More than once have I encountered a variety of enjoyable musical performances in Beijing, either while going through an underground crossing or entering a subway station. Underground tunnels often provide booming acoustics, and although only a few of the pedestrians who walk by drop in gratuities, the musician’s presence is always appreciated.
This weekend however, I encountered a new type of busker that had moved their singing and instrumental talent into a much more focused vicinity and closer proximity to the audience: the subway cars themselves. Not once, but twice in the past two days I encountered guitarists making their way up and down the train on Subway Line 10, crooning and strumming sweet tunes. Though this type of busking is commonplace in other major cities such as New York, this was my first time experiencing this in Beijing.
What are passengers expected to do in a setting where the busker’s bag is literally inches away and the musician stays by their sides for a few minutes at a time? The pressure to give a tip is much higher than when you have the choice of walking past quickly. After all, the common idiom is out of sight, out of mind.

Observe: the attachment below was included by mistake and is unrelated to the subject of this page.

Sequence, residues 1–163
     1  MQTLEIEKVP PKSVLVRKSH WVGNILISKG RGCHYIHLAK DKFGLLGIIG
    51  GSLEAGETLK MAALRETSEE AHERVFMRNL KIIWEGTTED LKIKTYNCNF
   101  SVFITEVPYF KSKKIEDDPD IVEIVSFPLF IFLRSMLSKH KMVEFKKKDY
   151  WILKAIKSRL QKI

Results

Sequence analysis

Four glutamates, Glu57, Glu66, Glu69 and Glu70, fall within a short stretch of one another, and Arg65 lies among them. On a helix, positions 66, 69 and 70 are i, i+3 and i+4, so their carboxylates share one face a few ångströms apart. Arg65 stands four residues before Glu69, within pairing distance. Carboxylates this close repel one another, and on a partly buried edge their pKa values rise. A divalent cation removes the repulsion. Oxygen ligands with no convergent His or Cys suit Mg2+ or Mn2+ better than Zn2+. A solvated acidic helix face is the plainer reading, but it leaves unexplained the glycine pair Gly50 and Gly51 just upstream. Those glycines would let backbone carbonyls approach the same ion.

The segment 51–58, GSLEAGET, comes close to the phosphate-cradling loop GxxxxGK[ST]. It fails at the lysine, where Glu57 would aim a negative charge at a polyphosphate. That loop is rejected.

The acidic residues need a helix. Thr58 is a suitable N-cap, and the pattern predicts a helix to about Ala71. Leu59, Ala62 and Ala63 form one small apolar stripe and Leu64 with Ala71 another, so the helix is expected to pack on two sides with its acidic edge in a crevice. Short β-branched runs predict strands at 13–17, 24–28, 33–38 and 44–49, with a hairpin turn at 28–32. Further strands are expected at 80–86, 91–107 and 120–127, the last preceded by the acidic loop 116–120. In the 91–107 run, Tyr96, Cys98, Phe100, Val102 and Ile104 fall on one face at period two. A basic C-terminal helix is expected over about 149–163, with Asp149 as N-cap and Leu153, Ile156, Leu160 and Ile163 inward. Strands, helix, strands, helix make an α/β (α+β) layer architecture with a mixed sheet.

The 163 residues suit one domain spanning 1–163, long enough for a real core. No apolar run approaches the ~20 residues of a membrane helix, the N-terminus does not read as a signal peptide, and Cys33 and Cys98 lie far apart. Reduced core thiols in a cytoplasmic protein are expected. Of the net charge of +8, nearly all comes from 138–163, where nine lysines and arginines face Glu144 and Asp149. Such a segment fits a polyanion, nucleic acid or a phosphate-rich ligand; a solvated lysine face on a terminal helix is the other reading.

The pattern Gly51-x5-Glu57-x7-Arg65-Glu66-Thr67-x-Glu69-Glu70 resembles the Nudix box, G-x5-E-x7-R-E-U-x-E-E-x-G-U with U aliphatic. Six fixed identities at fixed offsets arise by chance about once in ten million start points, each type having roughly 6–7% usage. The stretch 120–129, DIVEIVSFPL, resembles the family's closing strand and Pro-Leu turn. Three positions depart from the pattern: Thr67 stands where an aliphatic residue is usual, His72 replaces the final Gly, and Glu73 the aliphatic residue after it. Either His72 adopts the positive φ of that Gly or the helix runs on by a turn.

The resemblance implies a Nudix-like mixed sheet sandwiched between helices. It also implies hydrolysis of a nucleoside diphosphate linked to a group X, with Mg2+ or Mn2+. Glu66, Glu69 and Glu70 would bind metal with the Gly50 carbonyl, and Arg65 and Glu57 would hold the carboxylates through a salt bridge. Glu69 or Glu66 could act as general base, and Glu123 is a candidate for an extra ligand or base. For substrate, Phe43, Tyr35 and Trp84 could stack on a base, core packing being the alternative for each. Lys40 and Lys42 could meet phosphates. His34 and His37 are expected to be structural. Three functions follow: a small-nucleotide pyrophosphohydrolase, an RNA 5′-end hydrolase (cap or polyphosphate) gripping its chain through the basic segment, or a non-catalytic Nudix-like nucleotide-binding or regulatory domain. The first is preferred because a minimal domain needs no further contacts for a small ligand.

The New York Times recently published an article about responsibly acting as a citizen of the world, suggesting a “right” way to help out citizens in developing countries. Though the article’s focus was about how to act while traveling, giving tips is still worth thinking about while living overseas. As buskers begin to take up residence on the subway, however, passengers should tip if they find themselves enjoying the music accompanying their commute. Half of a busker’s incentive, after all, is their passion for music – music that I found myself tapping my foot to and reaching into my pocket for last weekend.
Annie Wang is 17 years old. A former International School of Beijing student, she currently boards at Choate Rosemary Hall in the US, while her parents still base themselves in Beijing. Annie loves good food, finding new places to explore, and her favorite subject in school is English.